It's one reason why Martel, who, prior to serving as Aldo's CIO was vice president of cross-channel technology, focused on building out a new e-commerce platform that would, effectively, meld in-store and online shopping experiences. On the front end, the platform uses Hybris, an e-commerce software provider acquired by SAP in 2013 that manages customer data from across the enterprise; the back-end system is IBM Sterling Order Management, software that keeps tabs on inventory and order fulfillment. Together, they connect to Aldo's existing systems. "We realized the need for a data integration product between those products and our legacy system, like our core merchandising and warehouse system," he said.
Martel and his team considered IBM WebSphere Enterprise Service Bus, a software architecture model that enables heterogeneous systems and applications to communicate with each other. Aldo was already using the technology for a handful of small applications, but, in the end, "we felt it didn't necessarily bring the flexibility we wanted in terms of the types of integrations we were going to do on a global level," he said.
Instead, Martel and his team decided to experiment with a new integrator on the block: Talend, which launched in 2006 and is headquartered in Redwood City, Calif. Using Talend, Aldo was able to integrate more than 100 applications, services and databases, processing millions of events per day, according to a press release. Plus, the technology provided Aldo enough flexibility to support integration with the RESTful APIs commonly used by websites, mobile applications and social networking sites, as well as with flat file integrations. Both are "very different ways to move information around," Martel said.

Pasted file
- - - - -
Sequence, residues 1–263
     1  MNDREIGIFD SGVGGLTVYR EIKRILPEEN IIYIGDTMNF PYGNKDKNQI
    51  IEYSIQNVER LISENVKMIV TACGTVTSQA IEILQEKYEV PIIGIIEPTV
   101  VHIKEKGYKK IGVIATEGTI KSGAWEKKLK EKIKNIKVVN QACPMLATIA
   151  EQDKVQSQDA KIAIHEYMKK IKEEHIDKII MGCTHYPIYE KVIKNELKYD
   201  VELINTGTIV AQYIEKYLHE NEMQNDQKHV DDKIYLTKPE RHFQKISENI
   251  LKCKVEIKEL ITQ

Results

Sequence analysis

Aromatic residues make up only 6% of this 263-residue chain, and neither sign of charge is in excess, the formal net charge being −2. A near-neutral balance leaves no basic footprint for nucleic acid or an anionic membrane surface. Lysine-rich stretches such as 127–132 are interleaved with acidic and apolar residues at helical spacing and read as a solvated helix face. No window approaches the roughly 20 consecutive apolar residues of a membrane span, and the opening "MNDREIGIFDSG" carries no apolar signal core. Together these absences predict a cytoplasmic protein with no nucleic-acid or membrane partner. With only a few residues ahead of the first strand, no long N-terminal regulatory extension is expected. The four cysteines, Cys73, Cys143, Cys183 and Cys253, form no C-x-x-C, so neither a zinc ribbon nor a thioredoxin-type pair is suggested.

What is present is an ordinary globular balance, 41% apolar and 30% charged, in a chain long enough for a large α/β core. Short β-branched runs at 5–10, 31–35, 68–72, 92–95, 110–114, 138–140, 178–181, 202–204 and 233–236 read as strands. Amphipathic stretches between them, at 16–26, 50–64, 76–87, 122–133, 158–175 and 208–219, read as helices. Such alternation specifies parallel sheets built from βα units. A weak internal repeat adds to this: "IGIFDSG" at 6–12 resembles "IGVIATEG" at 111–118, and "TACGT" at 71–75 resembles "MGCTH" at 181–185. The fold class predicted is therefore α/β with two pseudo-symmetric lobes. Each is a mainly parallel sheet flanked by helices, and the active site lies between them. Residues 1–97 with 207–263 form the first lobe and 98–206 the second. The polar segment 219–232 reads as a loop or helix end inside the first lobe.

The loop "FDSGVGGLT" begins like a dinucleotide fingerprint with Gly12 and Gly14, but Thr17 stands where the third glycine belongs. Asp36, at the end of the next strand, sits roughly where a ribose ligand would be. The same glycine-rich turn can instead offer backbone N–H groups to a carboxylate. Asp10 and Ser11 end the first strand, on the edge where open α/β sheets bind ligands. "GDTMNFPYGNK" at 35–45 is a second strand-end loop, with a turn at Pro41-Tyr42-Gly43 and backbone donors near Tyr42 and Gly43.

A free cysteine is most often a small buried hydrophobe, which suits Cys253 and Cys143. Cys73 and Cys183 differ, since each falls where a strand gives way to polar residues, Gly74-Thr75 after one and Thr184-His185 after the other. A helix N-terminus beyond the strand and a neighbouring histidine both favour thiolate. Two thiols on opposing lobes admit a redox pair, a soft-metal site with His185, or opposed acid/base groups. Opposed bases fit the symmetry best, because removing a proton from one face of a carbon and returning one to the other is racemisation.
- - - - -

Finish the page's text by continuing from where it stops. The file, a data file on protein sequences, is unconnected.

A few months after the platform was rolled out last year, Aldo was already reaping the benefits with the largest Black Friday and Cyber Monday in its e-commerce sales history, according to Martel. "The general growth of e-commerce, mobile and in-store technologies are all powered by this data integration technology," he said.
Digitizing the storefront
The back-office is not the only place getting an IT makeover. Retailers are also using technology to turn brick-and-mortar locations into mini-destinations or entertainment hubs -- and that means loaded with digital fun. Referred to as stores of the future, these showrooms do more than provide display space for product, they also provide an interactive, digital customer experience.